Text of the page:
A People's Tragedy
A People's Tragedy: The Russian Revolution: 1891–1924 is an award-winning book written by British historian Orlando Figes. First published in 1996, it chronicles Russian history from the Famine of 1891-1892, the response to which, Figes argues, severely weakened the Russian Empire, to the death of Lenin in 1924, when "the basic elements of the Stalinist regime - the one-party state, the system of terror and the cult of the personality - were all in place". According to Figes "... the whole of 1917 could be seen as a political battle between those who saw the revolution as a means of bringing the war to an end and those who saw the war as a means of bringing the revolution to an end." A People's Tragedy won the Wolfson History Prize, the WH Smith Literary Award, the NCR Book Award, the Longman/History Today Book Prize and the Los Angeles Times Book Prize. In 2008, the Times Literary Supplement listed A People's Tragedy as one of the "hundred most influential books since the war".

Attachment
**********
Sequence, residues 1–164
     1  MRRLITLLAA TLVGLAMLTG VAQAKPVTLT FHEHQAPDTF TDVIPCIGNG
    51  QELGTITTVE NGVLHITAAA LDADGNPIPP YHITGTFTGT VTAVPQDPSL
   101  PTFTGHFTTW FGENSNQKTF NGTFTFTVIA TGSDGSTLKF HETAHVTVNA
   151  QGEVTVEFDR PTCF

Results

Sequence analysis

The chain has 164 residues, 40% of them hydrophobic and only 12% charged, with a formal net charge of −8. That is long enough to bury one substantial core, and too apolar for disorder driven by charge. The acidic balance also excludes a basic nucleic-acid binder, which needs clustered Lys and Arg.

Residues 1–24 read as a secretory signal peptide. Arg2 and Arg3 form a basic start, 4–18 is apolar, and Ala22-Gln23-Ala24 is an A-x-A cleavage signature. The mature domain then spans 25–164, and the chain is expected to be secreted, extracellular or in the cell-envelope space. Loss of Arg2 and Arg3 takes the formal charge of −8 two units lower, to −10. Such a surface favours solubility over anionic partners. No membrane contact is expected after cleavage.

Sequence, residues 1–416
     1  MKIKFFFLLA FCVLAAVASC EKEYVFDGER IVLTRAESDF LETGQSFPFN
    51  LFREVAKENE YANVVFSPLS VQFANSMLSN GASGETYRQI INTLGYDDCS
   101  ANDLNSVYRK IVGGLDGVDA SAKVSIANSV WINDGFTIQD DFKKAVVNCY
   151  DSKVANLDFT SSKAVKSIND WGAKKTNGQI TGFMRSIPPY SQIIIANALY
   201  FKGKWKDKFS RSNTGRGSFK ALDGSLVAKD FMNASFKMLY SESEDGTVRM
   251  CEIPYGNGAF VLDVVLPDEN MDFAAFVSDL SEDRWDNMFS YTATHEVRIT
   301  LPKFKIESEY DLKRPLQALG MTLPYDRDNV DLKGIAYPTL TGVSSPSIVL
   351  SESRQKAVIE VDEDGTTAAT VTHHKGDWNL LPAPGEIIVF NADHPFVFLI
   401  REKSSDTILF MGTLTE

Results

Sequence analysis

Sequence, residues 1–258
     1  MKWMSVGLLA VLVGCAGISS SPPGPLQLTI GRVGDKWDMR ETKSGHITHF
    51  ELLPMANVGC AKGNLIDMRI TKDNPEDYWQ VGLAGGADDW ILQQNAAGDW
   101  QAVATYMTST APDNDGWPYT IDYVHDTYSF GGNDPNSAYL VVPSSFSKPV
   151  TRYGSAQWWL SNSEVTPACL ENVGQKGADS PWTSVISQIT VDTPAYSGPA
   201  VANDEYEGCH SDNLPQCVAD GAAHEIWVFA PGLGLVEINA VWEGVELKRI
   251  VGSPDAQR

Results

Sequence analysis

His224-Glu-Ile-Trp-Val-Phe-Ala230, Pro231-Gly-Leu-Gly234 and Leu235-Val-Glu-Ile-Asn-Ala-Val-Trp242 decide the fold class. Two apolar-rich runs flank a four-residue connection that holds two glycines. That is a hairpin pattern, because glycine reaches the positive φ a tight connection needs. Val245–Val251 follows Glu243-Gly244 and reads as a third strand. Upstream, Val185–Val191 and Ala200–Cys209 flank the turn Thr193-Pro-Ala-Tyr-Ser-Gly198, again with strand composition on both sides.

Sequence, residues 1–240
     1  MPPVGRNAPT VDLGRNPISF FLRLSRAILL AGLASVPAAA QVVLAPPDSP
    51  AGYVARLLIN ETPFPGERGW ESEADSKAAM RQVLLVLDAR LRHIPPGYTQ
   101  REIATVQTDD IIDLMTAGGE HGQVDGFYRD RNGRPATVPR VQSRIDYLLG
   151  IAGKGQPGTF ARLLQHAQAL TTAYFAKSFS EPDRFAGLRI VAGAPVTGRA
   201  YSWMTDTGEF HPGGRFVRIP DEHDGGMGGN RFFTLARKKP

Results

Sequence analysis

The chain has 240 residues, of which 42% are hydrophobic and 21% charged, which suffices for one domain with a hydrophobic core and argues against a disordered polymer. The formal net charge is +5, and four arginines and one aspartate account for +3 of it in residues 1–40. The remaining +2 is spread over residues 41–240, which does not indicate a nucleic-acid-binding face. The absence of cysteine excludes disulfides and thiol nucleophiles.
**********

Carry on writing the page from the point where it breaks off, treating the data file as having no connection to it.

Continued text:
|Media type||Print (hardcover, paperback)|
- Figes, Orlando (1996). A People's Tragedy: The Russian Revolution: 1891–1924. London: Jonathan Cape. p. 923. ISBN 0-224-04162-2.
- Figes, Orlando (1997-03-01). A People's Tragedy: A History of the Russian Revolution. New York: Viking. p. 960. ISBN 0-670-85916-8. First American Edition
- Figes, p. 380.
- Times Literary Supplement, 30 December 2008.